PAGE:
Complex mixtures of hazardous chemicals such as polycyclic aromatic hydrocarbons (PAHs) in contaminated soil and groundwater can have severe and long-lasting effects on health. The evidence that these contaminants can cause adverse health effects in animals and humans is rapidly expanding. The frequent and wide-spread occurrence of PAHs in groundwater makes appropriate intervention strategies for their remediation highly desirable. The core objective of this research was to assess the ability of a clay-based composite to sorb and remove toxic contaminants from groundwater at a wood-preserving chemical waste site. Treatment efficiencies were evaluated using either effluent from an oil-water separator (OWS) or a bioreactor (B2). The effluent water from these units was passed through fixed bed columns containing either an organoclay composite or granular activated carbon. The sorbent columns were placed in-line using existing sampling ports at the effluent of the OWS or B2. Individual one-liter samples of treated and untreated effluent were collected in Kimax bottles over the course of 78 h (total of 50 samples). Subsequently each sample was extracted by solid phase extraction methodology, and pentachlorophenol (PCP) and PAH concentrations were quantitated via GC/MS. Columns containing porous organoclay composite, i.e. sand-immobilized cetylpyridinium-exchanged low-pH montmorillonite clay (CP/LPHM), were shown to reduce the contaminant load from the OWS effluent stream by 97%. The concentrations of benzo[a]pyrene (BaP) and PCP were considerably reduced (i.e. >99%). An effluent stream from the bioreactor was also filtered through columns packed with composite or an equivalent amount of GAC. Although the composite reduced the majority of contaminants (including BaP and PCP), it was less effective in diminishing the levels of lower ring versus higher ring PAHs. Conversely, GAC was more effective in removing the lower ring PAHs, except for naphthalene and PCP. The effectiveness of sorption of PCP from the OWS effluent by the composite was confirmed using a PCP-sensitive adult hydra bioassay previously described in our laboratory. The findings of this initial study have delineated differences between CP/LPHM and GAC for groundwater remediation, and suggest that GAC (instead of sand) as the solid support for organoclay may be more effective for the treatment of contaminated groundwater under field conditions than GAC or CP/LPHM alone. Further work is ongoing to confirm this conclusion.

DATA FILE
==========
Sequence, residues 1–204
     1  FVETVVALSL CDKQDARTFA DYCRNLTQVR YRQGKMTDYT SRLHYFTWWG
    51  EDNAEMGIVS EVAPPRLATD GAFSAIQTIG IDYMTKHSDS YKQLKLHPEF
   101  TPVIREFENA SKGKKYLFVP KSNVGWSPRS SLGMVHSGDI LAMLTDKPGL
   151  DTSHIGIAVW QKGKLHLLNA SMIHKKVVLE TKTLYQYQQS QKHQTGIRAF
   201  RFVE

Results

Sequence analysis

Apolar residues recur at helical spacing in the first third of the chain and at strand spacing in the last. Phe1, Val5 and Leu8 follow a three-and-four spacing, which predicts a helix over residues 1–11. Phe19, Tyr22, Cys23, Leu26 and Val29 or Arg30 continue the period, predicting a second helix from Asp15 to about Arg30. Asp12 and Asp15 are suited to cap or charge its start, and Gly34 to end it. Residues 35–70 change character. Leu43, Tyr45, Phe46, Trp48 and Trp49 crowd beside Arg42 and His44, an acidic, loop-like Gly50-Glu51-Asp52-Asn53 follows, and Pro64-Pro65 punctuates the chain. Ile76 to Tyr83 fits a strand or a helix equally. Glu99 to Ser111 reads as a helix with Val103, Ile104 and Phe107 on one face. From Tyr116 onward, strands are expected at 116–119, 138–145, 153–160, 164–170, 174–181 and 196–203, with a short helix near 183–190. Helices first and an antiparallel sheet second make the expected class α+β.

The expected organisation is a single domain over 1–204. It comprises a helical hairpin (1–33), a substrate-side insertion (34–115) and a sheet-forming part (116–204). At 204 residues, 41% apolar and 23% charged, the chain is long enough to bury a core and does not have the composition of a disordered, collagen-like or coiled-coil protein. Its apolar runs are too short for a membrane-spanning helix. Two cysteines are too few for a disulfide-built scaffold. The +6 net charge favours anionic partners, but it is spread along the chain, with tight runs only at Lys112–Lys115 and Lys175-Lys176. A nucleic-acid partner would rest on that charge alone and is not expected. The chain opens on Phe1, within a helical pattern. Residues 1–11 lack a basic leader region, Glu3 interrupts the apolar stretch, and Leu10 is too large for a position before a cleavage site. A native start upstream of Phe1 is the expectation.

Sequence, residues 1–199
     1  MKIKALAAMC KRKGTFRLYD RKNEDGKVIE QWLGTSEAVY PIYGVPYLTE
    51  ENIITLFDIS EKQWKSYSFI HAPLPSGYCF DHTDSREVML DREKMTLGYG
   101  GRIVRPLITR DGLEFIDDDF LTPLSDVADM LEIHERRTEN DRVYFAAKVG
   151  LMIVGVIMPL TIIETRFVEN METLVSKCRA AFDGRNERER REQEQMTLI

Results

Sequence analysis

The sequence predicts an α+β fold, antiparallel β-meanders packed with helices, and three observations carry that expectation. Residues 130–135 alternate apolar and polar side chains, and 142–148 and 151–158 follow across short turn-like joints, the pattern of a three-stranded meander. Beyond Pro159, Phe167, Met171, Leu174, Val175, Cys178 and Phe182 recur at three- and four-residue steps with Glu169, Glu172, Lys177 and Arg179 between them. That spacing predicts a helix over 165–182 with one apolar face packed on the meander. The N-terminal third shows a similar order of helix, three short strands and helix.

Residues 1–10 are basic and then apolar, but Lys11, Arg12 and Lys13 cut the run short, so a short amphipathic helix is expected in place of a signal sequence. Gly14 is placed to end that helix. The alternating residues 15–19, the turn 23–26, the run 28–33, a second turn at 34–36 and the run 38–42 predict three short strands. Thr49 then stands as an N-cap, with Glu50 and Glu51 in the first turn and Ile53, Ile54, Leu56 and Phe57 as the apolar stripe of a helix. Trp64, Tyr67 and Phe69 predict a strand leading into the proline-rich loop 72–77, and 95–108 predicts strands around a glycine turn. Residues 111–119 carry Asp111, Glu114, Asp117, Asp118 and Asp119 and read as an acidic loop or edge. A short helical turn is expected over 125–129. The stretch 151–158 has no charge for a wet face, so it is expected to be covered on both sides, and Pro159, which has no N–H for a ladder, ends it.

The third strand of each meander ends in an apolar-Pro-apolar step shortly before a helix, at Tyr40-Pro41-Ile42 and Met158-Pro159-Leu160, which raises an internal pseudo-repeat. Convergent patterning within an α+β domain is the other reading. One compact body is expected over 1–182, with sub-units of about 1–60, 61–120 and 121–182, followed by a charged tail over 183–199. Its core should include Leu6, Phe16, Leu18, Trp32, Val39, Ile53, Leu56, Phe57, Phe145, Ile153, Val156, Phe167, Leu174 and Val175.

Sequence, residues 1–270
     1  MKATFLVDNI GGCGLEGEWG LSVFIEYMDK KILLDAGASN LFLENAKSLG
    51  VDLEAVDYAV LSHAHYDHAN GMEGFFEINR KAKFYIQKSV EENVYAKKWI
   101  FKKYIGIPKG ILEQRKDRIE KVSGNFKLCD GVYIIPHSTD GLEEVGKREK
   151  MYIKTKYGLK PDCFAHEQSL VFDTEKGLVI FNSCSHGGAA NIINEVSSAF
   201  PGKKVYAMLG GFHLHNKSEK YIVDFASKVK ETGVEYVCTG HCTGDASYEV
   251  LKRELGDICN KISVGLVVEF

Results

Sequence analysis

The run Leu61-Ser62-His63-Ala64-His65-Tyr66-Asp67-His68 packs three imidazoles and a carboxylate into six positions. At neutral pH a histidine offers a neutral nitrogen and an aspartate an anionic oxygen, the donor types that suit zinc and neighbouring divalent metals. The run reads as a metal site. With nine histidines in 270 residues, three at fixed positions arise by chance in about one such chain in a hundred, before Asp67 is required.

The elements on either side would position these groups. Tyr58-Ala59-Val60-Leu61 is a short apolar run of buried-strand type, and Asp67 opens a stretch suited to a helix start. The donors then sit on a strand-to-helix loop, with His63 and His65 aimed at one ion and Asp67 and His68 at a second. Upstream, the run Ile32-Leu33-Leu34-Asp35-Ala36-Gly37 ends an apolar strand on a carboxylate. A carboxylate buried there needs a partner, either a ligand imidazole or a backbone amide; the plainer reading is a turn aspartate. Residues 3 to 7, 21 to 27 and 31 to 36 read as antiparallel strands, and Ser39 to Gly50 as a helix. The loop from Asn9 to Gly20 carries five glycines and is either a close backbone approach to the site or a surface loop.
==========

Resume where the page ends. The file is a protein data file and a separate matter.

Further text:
- Sand-immobilized Organoclay
- Polycyclic Aromatic Hydrocarbons